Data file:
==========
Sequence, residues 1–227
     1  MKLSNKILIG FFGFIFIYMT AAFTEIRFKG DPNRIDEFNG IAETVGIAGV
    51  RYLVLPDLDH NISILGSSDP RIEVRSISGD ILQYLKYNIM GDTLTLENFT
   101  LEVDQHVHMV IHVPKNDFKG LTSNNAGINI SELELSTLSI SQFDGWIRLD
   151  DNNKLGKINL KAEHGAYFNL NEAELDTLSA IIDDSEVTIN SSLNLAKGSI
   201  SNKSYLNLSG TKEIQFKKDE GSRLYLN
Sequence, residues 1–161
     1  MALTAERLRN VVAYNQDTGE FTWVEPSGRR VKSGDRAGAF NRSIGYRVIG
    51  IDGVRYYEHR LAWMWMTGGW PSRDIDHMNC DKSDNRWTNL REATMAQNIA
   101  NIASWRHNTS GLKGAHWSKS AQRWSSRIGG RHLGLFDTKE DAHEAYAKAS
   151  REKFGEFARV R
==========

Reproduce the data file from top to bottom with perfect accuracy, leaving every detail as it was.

Sequence, residues 1–227
     1  MKLSNKILIG FFGFIFIYMT AAFTEIRFKG DPNRIDEFNG IAETVGIAGV
    51  RYLVLPDLDH NISILGSSDP RIEVRSISGD ILQYLKYNIM GDTLTLENFT
   101  LEVDQHVHMV IHVPKNDFKG LTSNNAGINI SELELSTLSI SQFDGWIRLD
   151  DNNKLGKINL KAEHGAYFNL NEAELDTLSA IIDDSEVTIN SSLNLAKGSI
   201  SNKSYLNLSG TKEIQFKKDE GSRLYLN
Sequence, residues 1–161
     1  MALTAERLRN VVAYNQDTGE FTWVEPSGRR VKSGDRAGAF NRSIGYRVIG
    51  IDGVRYYEHR LAWMWMTGGW PSRDIDHMNC DKSDNRWTNL REATMAQNIA
   101  NIASWRHNTS GLKGAHWSKS AQRWSSRIGG RHLGLFDTKE DAHEAYAKAS
   151  REKFGEFARV R